MICHEL MARTIN, HOST:
This is TELL ME MORE, from NPR News. I'm Michel Martin. Coming up, March Madness 2013 is now a memory, but there's still one champion yet to be announced. Yes, we are going to announce the winner of our TELL ME MORE March Madness Challenge. That's just ahead.
First, though, it's time for Faith Matters. That's where we talk about matters of spirituality and faith. Today, our guest is someone whose name you know if you follow the politically active faith community. His name is Jim Wallis. He leads the progressive Christian evangelical group Sojourners. We often turn to him for perspective on issues where values and policy intersect, like immigration and gun safety. Well, until, well, we couldn't, because perhaps one of the most interesting things about Jim Wallis is when he chooses not to speak out. Most recently, that was in the first few months of the 2012 presidential campaign, when he chose to step out of the political fray.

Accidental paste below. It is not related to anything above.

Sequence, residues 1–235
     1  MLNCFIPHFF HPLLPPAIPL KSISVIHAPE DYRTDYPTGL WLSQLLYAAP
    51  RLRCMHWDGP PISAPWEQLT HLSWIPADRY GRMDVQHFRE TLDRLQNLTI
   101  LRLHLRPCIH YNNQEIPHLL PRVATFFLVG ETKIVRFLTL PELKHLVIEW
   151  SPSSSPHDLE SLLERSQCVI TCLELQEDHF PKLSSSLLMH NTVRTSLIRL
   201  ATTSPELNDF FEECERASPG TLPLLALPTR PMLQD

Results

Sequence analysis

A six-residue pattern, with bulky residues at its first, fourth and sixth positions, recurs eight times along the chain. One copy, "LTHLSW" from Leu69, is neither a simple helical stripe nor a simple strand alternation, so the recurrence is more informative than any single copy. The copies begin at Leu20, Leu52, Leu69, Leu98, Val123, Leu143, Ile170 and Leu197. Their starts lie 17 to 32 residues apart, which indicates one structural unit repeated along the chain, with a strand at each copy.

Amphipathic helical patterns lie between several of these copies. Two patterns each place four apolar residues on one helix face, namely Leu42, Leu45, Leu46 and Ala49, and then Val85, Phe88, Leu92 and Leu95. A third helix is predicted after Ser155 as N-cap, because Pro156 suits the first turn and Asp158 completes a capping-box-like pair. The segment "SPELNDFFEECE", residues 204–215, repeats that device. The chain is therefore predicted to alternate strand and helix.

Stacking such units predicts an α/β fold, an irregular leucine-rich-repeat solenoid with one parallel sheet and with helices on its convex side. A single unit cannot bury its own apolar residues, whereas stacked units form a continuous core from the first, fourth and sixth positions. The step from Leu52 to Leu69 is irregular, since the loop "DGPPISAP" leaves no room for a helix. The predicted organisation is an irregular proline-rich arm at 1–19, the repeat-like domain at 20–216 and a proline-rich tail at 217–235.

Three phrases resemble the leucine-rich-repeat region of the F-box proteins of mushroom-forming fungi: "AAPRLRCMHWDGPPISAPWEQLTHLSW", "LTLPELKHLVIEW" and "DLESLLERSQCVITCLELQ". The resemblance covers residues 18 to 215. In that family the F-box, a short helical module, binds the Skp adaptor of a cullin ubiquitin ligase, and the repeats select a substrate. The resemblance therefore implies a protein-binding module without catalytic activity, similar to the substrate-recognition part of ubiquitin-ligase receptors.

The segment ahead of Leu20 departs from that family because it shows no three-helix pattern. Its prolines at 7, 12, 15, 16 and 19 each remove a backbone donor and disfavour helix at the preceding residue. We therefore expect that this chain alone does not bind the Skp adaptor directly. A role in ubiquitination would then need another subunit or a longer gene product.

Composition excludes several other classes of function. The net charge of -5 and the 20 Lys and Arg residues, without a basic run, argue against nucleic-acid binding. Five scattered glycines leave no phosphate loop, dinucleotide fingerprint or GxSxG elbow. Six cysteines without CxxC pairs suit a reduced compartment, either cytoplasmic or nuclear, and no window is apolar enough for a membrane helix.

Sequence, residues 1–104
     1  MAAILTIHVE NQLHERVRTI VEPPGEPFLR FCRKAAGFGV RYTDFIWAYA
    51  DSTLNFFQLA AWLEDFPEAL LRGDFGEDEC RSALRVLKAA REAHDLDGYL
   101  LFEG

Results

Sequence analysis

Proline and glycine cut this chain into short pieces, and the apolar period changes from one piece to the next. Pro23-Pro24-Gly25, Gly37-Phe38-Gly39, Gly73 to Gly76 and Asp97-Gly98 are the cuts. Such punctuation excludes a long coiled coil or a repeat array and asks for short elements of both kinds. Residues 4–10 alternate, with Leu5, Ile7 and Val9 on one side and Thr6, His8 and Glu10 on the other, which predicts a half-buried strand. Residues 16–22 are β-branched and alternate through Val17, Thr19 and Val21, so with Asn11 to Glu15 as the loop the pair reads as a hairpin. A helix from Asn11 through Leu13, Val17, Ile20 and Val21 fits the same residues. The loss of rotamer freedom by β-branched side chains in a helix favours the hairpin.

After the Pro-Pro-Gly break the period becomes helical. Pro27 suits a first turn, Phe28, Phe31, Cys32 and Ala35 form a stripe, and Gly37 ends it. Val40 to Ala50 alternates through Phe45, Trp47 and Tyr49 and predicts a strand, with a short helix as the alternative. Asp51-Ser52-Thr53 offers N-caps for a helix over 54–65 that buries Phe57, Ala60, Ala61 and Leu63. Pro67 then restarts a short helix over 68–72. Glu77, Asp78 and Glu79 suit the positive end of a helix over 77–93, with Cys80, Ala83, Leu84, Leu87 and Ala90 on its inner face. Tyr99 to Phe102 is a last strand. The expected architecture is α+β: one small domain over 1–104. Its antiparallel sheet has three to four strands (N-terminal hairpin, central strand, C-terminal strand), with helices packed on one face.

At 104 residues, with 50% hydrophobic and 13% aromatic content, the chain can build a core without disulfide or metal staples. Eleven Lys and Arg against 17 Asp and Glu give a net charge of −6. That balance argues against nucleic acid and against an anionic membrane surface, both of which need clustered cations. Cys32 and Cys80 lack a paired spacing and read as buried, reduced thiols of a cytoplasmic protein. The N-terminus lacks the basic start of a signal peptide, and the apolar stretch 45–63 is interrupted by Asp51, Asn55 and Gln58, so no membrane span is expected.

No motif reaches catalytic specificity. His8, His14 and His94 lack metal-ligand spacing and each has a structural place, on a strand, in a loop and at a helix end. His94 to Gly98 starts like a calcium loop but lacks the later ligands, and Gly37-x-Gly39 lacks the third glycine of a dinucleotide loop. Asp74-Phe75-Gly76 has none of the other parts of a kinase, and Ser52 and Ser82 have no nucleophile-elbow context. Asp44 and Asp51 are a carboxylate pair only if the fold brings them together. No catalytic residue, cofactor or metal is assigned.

He's back now, though, with a new outlook and a new book. It's called "On God's Side: What Religion Forgets and Politics Hasn't Learned About Serving the Common Good." And Reverend Wallis is back with us once again in our Washington, D.C. studios.
Welcome back. Thank you so much for joining us once again.
JIM WALLIS: Delighted to be back.
MARTIN: Forgive me. It may be sort of a - just a sign of the cynicism of the age that when somebody steps aside even for a time, particularly in a place like Washington, D.C., particularly at a time when there's a lot of interest in what he or she has to say, you assume it's for something bad. You know, you assume that something bad has happened. He's been disciplined by his denomination, and that didn't happen in your case.
WALLIS: I took a sabbatical to write a book.
WALLIS: I began with a week in a monastery, and then for three months, I would get up early and have some quiet, exercise, and I would think and read and write all day. And my discipline was not to speak or to write or do interviews on great shows like this. But then, at night, I'd watch the political news cycle, and the more I watched, the more depressing it was: the vitriol, the anger, the hatred, the polarization, paralyzation. I realized we'd lost something very important.